I’m nearly finished with “War,” which is a really fine effort by an outstanding and terrifically courageous reporter. I recently re-read Dispatches by Michael Herr, which is a similar sort of work from another brave journalist, though the era and the state of the US military could not be more different. Where Dispatches portrays a poorly organized US military and soldiers deeply into drugs, one can easily read into Junger’s account the prevalence of a stunningly smart, highly innovative and well led military on the ground. Not that these are boy scouts or that they win every engagement. As Junger makes clear, that’s not the case. War is hell, and frontline soldiers everywhere and for all time are “rough men.” But I doubt that the US soldier in Afghanistan is better led, better trained and better supported than just about any soldier ever.

  10. Junker

    I prefer the term ‘societal will’…which encompasses not only a societies tolerence towards our own losses in lives and treasure, but also the will to inflict loss upon the enemy. In the west, in general, we are lacking in both these areas of will.

    If I might avoid talking strategy, aims, and victory for the moment, I will say that as confused and asymmetical and boundaryless as the current conflicts may seem, they are not new, and the challenge is minor in historical terms.

  11. Karen

    “It’s a question of political will.” I’m looking forward to checking this out. I’d be interested to know what he means in that quote. If the objective was to take down the Taliban,The US Armed Forces has the means to eradicate it in short order. If we really wanted to end the endless war, we’d have to decide how many Afghan civilians we’re willing to kill. But the US wouldn’t organize an attack like the fire-bombing in Japan in WWII. At present, the majority of Americans wouldn’t stand for it.

    So, the alternative is to continue on the current track while IED’s take a few soldiers’ lives every day. The survivors are rewarded by increasingly more insane politically motivated concepts like “courageous restraint.” Of course they don’t concern themselves with the politics of it all. They, like their families, are in survivable mode. And why should they? To those elected in DC, they are expendable. What’s the magic number? 10,000 dead troops? 20,000? When do we throw up our hands and say, “Ok, either bomb the heck out of them or get out entirely.” Are we buying more time for nation building or just filling in the spaces at Arlington?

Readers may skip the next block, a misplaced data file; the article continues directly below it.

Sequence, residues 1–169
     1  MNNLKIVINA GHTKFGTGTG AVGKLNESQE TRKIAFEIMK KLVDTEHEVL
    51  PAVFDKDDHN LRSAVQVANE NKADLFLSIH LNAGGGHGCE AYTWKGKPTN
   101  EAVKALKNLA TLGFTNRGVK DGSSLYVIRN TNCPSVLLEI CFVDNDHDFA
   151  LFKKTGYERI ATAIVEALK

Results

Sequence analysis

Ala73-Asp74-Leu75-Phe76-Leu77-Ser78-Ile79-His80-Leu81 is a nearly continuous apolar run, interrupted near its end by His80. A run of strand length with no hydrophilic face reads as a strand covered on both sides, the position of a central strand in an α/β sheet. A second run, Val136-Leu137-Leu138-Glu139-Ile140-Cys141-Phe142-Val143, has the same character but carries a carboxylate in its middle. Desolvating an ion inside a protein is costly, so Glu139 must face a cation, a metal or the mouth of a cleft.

12. Brandon Zaffini

    Junker,

    I agree that Political/Societal will is important to a more successful war effort. This fact does not validate all wars or explain the tough questions about the prudent national course in any conflict. In other words, a lack of will may be a blessing, not a curse.

  13. Karen

    I should amend my previous statement of IED’s taking soldiers’ live every day. That’s an exaggeration, I realize.

  14. Junker

    “I agree that Political/Societal will is important to a more successful war effort. This fact does not validate all wars or explain the tough questions about the prudent national course in any conflict. In other words, a lack of will may be a blessing, not a curse.”

    Point well taken. Although I am of the opinion that if you take so dramatic a course of action as go to war, you’d best muster every last drop of will, might, and fury that you have and unleash it….oddly enough, this is often the humane thing to do because it tends to shorten wars immensely.

  15. Charles Allen

    In addition to his new book ‘War’, Junger has also made a documentary about his time in the Korengal. The movie is titled ‘Restrepo‘, and would appear to be a great visual complement to the book. It was filmed on-location by Junger and co-hort Tim Hetherington, and will be released next month.

    A trailer for the movie can be viewed here. Or for the Quicktime-challeneged, another trailer can be found on YouTube.

  16. Brady Kiel

    This is exactly the topic I was hoping would pop up in this forum. Robert Bennett’s request for VDH’s opinion is something I’m very interested in too. I hear valid arguments from solid conservatives like Mark Belling and John Derbyshire that question just what’s the deal with AFG. I’d like to know if possessing a few bases from which to deliver anti-Taliban raids while eschewing the nation-building endeavor is possible.